The bay today is looking a little on the choppy side, but hey, makes no difference when you are under the water! I’m teaching day 3 of an Open Water course today and we have worked really hard to leave ourselves an easy day today. My guest is a student on the first step of a gap year, Egypt being her first step. She intends to travel around the world, and if she gets on with diving, she hopes to become a Divemaster and earn some money as she works her way around the globe. Oh to be young, free and single again! She is getting on great so far, so I think this plan may work.
After finishing off the last of the theory, we only have 2 confined sessions to do and then we are done for the day (another early finish I hear you groan!) One of the confined sessions involves equipment removal and replacement on the surface, which some people can find a little tricky at the best of times, so add the ‘realistic’ weather conditions, and we could have some fun. Having said that, I have found that some guests who complete all this in a swimming pool can have a surprise when they have to repeat the skill in the sea for the first time and have to deal with ‘moving water’. This girl is game, so into the water we head.
Getting fins on proves a bit of a challenge as even I start being blown across the bay, in fact I might go so far as to say my student appears to be more stable than me (and no, I wasn’t out late last night). As we swim out on the surface and descend, all goes calm. The visibility is great, and we even have time for a little buoyancy practice as we complete a loop around the shallow reef. Once we sit down to do the skills, with surprisingly little water movement, she makes it look easy, and before I know it, the kit is off, on and secured correctly. So, let’s repeat that on the surface….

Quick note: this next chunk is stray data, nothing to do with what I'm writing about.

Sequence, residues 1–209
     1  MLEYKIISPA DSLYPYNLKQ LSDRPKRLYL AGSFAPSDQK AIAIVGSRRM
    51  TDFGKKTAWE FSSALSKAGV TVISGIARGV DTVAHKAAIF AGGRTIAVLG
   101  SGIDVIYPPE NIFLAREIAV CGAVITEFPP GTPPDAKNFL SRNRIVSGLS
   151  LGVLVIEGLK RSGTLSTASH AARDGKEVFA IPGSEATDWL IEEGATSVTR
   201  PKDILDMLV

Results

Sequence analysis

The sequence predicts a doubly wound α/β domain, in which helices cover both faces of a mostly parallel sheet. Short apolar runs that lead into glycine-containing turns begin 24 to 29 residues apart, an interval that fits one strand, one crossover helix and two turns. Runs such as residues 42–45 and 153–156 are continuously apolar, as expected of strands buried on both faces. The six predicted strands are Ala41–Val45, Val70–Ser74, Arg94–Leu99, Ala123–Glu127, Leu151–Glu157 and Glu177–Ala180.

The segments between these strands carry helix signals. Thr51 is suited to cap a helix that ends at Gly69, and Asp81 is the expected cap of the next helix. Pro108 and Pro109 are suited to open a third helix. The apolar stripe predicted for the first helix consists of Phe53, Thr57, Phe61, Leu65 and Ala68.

I raise my hand and start to descend, and as it breaks the surface, I realise that it seems quite warm out there. As the rest of me follows, it appears the wind has disappeared in the 20 minutes we’ve been under the water. It’s now like a mill pond, with not a ripple in sight. The evil instructor in me was hoping that this skill would actually test my so far perfect student, but the nice instructor is getting a little chilly and would like to get out of the water reasonably soon! With a small hint of a wobble (well, who doesn’t?) the skill is done and we are back in the centre, de-briefed and ready for tomorrow.
When I get an invite for lunch from my student, it seems rude to refuse. Why shouldn’t a diving instructor also be a lady who lunches?